Better wood!

Decoding of the Eucalyptus tree genome unlocks new possibilities for renewable fibre, fuel and biomaterials.

Better wood!
Photo: FW Archive
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A global project to unravel the genetic blueprint of Eucalyptus grandis, a species from a genus of fast-growing trees commonly known as ‘gum trees’, was recently completed. “Now that we understand which genes determine specific characteristics in these trees, we can breed trees that grow faster, have higher quality wood, use water more efficiently, and will cope better with climate change,” says Prof Zander Myburg, director of the Forest Molecular Genetics Programme at the University of Pretoria’s department of genetics, and the project’s lead investigator.

READ MORE: Forest scientists seek help with new Eucalyptus pest

The findings of the project were laid out in a joint media release from the Department of Science and Technology (DST) and UP.  “We can turn well-managed Eucalyptus plantations into bio-factories to produce sought-after materials and chemicals,” Myburg says. “And with this new knowledge about the molecular basis for superior growth and specific adaptations in plants, we can apply the same techniques to other woody plants that can be used as feedstock in the bio-economy of the future.”

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International five-year project
Native to Australia, gum trees are planted worldwide, mainly for timber, pulp and paper production, but increasingly also for ‘chemical cellulose’, a form of pure cellulose used in a wide variety of industrial products. The five-year project to sequence the Eucalyptus grandis genome involved 80 researchers from 30 institutions across 18 countries. Combing through the more than 36 000 genes found in Eucalyptus, the researchers honed in on those that might be able to boost the economic value of the trees by influencing the production of cellulosic raw material that can be processed for pulp, paper, biomaterials and bioenergy applications.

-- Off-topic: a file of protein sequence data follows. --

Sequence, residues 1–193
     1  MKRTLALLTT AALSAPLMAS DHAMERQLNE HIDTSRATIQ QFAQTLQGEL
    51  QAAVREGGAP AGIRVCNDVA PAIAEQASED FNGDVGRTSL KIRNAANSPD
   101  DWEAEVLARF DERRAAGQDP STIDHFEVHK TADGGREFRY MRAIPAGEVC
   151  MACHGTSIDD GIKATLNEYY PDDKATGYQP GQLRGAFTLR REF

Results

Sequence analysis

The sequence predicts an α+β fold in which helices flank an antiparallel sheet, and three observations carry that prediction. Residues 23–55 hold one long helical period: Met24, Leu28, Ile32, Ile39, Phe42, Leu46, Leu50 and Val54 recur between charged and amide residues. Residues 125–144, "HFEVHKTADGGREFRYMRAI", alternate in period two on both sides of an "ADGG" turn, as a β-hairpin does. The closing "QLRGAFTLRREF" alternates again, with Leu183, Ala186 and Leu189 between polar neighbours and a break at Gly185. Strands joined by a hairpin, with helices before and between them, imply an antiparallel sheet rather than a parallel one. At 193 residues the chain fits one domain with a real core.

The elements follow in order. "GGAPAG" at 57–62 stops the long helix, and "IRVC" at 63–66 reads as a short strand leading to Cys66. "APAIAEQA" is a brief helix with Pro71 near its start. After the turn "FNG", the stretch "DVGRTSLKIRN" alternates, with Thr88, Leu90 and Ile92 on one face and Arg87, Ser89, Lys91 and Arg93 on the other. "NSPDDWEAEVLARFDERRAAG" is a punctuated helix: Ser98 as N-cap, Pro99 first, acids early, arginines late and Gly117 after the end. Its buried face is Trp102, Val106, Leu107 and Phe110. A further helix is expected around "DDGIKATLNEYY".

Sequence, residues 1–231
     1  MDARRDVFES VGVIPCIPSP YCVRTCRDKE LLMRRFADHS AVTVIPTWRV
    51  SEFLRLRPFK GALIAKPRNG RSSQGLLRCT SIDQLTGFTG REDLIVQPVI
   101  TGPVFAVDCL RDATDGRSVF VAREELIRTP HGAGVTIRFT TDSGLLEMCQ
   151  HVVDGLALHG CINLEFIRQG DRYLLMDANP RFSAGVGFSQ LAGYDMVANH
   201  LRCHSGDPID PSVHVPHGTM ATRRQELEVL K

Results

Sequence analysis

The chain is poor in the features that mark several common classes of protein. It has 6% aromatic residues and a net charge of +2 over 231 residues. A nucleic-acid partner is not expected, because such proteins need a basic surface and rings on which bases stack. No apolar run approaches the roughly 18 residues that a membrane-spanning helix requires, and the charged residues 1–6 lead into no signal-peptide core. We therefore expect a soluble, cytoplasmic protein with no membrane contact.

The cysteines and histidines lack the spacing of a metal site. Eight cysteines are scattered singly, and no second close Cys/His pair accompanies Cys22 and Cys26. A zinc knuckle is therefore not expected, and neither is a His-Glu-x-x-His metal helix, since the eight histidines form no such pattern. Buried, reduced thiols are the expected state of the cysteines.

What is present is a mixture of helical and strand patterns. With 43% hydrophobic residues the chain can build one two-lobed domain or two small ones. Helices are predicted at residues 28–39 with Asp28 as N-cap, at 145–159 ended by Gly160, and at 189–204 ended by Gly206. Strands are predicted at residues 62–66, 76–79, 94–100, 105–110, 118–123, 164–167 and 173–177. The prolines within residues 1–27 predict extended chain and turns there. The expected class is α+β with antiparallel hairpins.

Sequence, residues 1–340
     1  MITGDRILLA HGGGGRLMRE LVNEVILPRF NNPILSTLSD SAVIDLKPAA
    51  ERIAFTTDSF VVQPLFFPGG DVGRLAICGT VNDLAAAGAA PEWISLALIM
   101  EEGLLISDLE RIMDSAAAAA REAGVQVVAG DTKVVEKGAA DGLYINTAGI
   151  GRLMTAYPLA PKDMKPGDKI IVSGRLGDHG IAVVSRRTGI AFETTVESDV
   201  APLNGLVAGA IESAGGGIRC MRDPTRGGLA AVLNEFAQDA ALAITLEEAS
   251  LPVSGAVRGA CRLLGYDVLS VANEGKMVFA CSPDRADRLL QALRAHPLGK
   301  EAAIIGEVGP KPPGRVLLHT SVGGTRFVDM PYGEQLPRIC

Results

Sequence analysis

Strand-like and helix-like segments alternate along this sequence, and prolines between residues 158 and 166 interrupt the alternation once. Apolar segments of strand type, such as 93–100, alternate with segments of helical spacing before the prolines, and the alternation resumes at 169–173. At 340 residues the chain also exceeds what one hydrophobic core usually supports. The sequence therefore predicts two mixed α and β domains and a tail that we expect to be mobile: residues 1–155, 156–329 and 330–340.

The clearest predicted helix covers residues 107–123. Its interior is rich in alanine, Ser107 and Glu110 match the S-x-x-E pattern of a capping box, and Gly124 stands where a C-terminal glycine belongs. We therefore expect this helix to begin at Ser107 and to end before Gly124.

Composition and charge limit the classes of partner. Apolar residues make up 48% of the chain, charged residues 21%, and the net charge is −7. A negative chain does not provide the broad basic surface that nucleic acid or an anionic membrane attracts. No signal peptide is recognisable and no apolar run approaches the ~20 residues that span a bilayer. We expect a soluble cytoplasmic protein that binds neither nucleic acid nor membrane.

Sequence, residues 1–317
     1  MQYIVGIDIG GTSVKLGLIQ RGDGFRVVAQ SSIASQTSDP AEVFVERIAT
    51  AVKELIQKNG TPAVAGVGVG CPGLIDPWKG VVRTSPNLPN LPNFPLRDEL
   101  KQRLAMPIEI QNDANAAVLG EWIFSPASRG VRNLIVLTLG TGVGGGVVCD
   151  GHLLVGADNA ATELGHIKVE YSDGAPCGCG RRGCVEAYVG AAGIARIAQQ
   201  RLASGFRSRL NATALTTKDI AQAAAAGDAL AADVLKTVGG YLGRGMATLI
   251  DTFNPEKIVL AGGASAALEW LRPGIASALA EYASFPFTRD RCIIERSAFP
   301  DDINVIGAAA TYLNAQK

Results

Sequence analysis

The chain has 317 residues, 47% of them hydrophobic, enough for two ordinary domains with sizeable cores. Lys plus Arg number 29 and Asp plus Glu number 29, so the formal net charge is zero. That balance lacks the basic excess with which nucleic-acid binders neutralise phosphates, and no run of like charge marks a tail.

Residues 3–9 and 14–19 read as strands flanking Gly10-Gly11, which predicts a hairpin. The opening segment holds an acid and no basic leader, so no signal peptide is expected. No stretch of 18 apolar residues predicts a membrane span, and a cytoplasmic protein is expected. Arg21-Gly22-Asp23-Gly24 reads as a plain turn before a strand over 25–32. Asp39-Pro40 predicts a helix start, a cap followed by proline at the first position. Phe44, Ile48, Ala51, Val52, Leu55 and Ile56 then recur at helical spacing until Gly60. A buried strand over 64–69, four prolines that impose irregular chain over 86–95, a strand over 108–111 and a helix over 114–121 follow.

READ MORE: SA home to three of the world’s tallest planted trees

“UP is delighted with the positive outcome of the project and the exciting new opportunities for our genomic research programmes,” says Prof Anton Ströh, dean of the faculty of natural and agricultural sciences at UP. The DST, together with forestry companies Sappi and Mondi, supported Myburg and his team by funding the construction of the genome map used as a scaffold for genome assembly, as well as the sequencing of expressed genes used for annotation of the genome.

“The development of new knowledge and skills in tree genomics, and the application of that knowledge to enhance industry competitiveness, is directly aligned with the DST’s vision of a bio-economy,” says DST director-general Dr Phil Mjwara. “This is a superb example of full value-chain thinking, and thus an important investment for the department.”

An account of the successful sequencing of the genome was published in the scientific journal Nature on 19 June.

Phone Prof Zander Myburg at 083 389 0325, or email [email protected].

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